Lindsey Axford lives in a tidy, beige-bricked house in a quiet, suburban street lined with tidy brick houses tucked behind tidy, green lawns. She’s been in this pretty (and pretty ordinary) home for 25 years without attracting the attention of anyone or anything.
Then one morning last summer, the 60-year-old civil servant opened her front door to discover a sight that months later still leaves her astonished.
‘There must have been about 50 Chinese tourists in my street,’ says Axford when I bump into her on a crisp, sunny winter morning. ‘They were wandering up and down the road, in and out of our front gardens, taking pictures of everything: the houses, the flowers, the manhole covers, even our dustbins. No one could understand: why had they come here? What’s the fascination with an ordinary street in Kidlington?’
The number of tourists from China travelling to the UK has spiked in recent years. In 2015, more than 200,000 visitors from the Chinese mainland arrived in Britain, a jump of almost 40 per cent, according to Visit Britain.
So what’s the fascination with this particular town? And why do they keep coming? If you’ve never been to Kidlington – and let’s face it, you probably haven’t – you need to know one thing. The town (population: fewer than 14,000, a good number of manhole covers, quite a few wheelie bins) is a few kilometres north of Oxford, and 100 kilometres from London.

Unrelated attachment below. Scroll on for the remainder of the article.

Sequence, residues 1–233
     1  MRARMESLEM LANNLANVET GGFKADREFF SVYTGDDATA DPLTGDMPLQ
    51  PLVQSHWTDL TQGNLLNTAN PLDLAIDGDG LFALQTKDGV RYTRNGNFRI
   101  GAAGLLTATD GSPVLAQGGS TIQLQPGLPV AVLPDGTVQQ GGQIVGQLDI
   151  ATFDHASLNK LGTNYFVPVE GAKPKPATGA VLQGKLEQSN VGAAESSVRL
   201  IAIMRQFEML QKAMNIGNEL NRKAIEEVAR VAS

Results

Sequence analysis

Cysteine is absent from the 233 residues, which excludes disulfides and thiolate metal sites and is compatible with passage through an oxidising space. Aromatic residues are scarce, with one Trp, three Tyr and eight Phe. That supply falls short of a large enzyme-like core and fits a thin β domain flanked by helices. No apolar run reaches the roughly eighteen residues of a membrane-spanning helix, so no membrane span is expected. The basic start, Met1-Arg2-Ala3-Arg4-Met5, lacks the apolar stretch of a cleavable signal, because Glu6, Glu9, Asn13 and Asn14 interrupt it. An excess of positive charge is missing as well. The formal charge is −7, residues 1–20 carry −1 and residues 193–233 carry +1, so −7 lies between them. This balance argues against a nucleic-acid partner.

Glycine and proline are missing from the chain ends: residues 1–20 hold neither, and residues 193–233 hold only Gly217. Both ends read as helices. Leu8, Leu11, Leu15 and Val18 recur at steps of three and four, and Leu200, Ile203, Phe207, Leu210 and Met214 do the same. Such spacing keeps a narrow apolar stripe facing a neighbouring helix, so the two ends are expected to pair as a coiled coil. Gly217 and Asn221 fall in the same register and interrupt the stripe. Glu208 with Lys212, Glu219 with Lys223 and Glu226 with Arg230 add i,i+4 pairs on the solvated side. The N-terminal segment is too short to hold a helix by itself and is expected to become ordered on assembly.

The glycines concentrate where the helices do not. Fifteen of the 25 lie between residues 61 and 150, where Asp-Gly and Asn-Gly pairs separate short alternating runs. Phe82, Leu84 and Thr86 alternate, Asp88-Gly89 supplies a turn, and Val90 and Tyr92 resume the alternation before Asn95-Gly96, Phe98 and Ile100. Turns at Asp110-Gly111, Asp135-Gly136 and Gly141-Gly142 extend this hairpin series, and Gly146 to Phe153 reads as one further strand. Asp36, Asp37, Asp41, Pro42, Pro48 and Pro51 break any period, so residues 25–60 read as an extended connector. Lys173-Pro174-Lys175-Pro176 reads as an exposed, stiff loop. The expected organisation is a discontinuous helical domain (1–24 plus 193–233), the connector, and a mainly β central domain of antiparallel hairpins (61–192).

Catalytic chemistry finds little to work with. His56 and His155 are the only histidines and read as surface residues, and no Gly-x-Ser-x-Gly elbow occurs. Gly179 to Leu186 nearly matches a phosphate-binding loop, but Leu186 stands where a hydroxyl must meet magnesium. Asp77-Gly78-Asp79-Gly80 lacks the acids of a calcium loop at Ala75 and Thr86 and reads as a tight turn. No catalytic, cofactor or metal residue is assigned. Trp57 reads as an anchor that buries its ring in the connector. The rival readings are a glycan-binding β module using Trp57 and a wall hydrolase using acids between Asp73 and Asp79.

But while Oxford is historic and beautiful, and London is exciting in a capital city kind of way, Kidlington is ordinary. Unremarkable. Unexceptional. There’s plenty of history nearby, but the houses on Axford’s road are younger than The Beatles. And this little piece of tarmac is so untroubled by traffic that it doesn’t even qualify for a white line down the middle.
Yet the busloads of Chinese tourists keep coming.
One theory goes that the tourists thought it was the village from Harry Potter (more on that later) – but that’s not the reason. It turns out that they’re taken there on coach trips. Typically, one group wanders around the ancient Blenheim Castle, the ancestral home of Sir Winston Churchill, a few kilometres away, while the other is left in Kidlington to explore – before they switch. Tourists have been overheard describing it as a pretty English town, and they’re more than happy to wander its lanes and over its drain covers while they wait.
Kidlington finds itself at the epicentre of an unusual tourist trail. It’s at the heart of a part of Britain, just outside the capital, that traditionally has not been a magnet for visitors but which is now attracting thousands of people from Asia every year. Tourists still marvel at the obvious attractions of the UK – Big Ben, the ancient colleges of Oxford and Cambridge, the streets of William Shakespeare’s Stratford-upon-Avon – but increasingly they’re heading for this other Britain, too.
The counties that surround London are known as the Home Counties. It’s not always a term of affection. There are lots of very pretty towns and villages in the Home Counties but, as the name suggests, these counties – Berkshire, Buckinghamshire, Essex, Hertfordshire, Kent, Surrey and Sussex – also host a lot of dormitory towns, places where people eat and sleep before commuting into London to do the exciting stuff in the capital.
It’s Ordinary Britain. I don’t mean boring Britain. Or dull Britain. I mean everyday Britain. The Britain that doesn’t jump from the history books but that just contentedly jogs along, minding its own business.